Tom’s parents were informed of his death a few weeks later. The family were anxious to wind up their son’s affairs and wrote on several occasions to Base Records in Melbourne requesting a death certificate which was not forthcoming until almost twelve months later. Charles Bright was also anxious to obtain Tom’s personal effects and the first parcel he received did not contain the presentation gold ring and wristwatch Tom had been given on his departure to the war. Charles wrote to Base Records advising them of the missing items.


Eventually the missing items were located in the kit store at Horseferry Road in London (Tom may have left them there when on leave) and Charles was advised that a second package of effects had been despatched. The baggage was loaded onto the S.S. Barunga in July 1918. Also on board the Barunga was a number of returning wounded and discharged servicemen heading for Australia. On 15 July 1918 the Barunga was torpedoed by a German submarine south of the Scilly Isles. She sank quickly with all cargo being lost but all survivors were rescued. Ironically, the Barunga was previously registered as the Sumatra, and had been confiscated from the German owners by the Australian Government when she was discharging cargo in Sydney in August 1914.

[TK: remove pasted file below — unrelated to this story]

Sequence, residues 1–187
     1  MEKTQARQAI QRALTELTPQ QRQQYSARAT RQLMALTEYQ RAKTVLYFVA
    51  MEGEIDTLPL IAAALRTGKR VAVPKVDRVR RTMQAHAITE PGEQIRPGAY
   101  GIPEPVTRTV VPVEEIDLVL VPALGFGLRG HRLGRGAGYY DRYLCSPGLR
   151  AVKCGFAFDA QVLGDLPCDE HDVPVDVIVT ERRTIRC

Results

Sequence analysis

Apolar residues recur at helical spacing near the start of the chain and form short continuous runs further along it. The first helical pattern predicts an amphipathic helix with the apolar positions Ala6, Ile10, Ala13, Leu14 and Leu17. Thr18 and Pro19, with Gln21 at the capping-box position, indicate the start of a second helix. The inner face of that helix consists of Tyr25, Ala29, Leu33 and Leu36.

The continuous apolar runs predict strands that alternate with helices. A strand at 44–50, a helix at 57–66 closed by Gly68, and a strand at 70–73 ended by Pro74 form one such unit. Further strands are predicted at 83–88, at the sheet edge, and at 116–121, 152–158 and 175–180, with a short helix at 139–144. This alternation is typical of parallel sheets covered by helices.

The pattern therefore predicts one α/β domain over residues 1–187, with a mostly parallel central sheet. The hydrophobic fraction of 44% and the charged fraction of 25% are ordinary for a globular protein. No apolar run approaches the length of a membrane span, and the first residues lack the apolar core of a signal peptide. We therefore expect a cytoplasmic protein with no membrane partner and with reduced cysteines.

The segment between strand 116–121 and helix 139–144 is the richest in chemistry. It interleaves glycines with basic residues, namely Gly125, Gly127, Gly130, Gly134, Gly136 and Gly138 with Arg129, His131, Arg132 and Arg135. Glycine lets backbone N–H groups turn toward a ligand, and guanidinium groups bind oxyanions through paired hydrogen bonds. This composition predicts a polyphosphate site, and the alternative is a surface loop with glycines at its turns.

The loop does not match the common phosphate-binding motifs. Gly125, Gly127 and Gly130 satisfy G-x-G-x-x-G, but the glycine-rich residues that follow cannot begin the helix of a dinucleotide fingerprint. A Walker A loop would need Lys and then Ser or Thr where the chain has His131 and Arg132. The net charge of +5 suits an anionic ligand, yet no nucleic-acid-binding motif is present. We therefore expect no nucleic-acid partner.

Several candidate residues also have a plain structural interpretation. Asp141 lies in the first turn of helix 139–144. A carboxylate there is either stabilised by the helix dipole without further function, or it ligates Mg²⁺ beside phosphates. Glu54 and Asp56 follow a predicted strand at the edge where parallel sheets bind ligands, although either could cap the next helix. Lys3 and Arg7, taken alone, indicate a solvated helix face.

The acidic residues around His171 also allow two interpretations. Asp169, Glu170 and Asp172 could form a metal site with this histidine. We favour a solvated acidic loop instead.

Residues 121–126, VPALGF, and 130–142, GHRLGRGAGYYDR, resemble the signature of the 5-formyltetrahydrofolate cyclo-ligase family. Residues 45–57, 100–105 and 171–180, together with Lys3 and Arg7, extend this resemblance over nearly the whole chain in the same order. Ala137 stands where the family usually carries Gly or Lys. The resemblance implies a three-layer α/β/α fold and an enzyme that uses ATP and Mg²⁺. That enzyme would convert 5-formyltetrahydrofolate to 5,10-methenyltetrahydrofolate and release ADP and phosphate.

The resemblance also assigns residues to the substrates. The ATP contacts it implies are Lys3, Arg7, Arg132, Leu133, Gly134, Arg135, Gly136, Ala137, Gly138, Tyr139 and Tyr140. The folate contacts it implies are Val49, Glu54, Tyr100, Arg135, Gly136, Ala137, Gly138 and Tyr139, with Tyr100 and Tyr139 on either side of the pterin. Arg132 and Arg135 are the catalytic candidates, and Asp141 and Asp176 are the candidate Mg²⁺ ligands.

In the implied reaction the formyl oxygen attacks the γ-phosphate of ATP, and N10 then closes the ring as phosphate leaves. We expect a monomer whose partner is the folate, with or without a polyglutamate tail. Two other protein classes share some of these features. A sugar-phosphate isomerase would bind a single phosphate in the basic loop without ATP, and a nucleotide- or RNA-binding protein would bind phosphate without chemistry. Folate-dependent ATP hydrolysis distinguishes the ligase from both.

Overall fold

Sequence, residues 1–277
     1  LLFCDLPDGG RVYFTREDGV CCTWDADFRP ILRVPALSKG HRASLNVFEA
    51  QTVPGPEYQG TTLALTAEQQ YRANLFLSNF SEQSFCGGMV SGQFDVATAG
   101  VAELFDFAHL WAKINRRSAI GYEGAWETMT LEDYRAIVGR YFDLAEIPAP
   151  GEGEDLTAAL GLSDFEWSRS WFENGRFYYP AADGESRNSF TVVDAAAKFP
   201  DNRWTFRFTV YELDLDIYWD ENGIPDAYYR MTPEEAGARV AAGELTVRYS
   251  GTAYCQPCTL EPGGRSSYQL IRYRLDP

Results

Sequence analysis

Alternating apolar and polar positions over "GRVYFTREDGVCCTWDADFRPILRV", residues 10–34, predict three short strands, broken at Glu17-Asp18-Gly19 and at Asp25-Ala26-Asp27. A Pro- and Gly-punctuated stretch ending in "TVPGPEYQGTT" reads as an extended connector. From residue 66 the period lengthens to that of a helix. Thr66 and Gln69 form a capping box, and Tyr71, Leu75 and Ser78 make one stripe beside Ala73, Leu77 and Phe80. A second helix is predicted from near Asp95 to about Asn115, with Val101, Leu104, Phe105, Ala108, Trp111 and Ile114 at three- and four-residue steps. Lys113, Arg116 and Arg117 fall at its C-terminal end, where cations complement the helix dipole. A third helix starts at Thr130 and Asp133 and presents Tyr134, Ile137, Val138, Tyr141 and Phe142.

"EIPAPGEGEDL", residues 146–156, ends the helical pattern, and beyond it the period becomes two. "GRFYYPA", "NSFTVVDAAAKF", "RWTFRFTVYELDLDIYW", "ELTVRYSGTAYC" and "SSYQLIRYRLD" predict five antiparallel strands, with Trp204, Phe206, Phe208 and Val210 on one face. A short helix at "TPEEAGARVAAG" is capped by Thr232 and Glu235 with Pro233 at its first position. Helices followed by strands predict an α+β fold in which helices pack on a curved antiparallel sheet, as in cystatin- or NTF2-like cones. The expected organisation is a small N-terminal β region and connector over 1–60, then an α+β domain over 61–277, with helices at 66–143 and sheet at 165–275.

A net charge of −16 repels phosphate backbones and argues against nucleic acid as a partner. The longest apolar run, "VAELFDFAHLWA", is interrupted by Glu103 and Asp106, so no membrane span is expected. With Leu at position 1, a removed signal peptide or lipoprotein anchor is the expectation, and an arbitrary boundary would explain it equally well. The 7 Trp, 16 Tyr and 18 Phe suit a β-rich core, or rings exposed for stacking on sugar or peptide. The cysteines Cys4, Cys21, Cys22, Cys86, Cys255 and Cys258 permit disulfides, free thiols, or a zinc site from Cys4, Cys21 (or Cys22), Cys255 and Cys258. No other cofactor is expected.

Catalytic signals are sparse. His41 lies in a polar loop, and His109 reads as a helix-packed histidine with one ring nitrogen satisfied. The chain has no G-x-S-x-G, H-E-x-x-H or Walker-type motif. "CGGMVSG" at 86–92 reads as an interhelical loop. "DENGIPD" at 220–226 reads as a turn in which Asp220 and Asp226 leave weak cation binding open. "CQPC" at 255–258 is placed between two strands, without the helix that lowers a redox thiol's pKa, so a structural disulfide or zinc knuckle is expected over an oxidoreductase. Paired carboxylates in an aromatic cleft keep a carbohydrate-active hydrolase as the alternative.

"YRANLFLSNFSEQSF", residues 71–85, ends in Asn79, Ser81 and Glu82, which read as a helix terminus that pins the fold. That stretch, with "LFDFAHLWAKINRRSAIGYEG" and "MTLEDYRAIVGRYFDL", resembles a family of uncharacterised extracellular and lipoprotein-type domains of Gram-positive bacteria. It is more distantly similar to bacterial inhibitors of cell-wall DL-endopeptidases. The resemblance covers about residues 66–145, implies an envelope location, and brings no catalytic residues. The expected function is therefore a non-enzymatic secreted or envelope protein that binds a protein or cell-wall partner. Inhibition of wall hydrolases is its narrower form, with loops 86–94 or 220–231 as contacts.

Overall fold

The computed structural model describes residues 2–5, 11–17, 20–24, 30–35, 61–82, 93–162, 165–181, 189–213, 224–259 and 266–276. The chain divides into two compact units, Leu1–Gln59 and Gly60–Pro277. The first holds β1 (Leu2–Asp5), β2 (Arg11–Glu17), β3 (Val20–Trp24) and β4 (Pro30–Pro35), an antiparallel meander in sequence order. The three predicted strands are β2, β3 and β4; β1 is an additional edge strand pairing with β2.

During 1921 and 1922, Medals were issued, along with a commemorative bronze plaque and a memorial scroll signed by the King. Charles signed for receipt of these items as well as three photographs of Tom’s grave with the permanent headstone erected by the Imperial War Graves Commission. Charles and Mary Bright had by this time moved from North Pine to McMaster St, Nundah.


Biography contributed by Faithe Jones

George's parents were Charles Duncan Bright and Mary Elizabeth Esther Duffield of McMaster Street, Nundhah, Qld. George's mother was from a well-known pioneering family. George attended North Pine State School. He was working as a watchmaker when he enlisted on 12 June 1915. George died of wounds received in action, aged 21.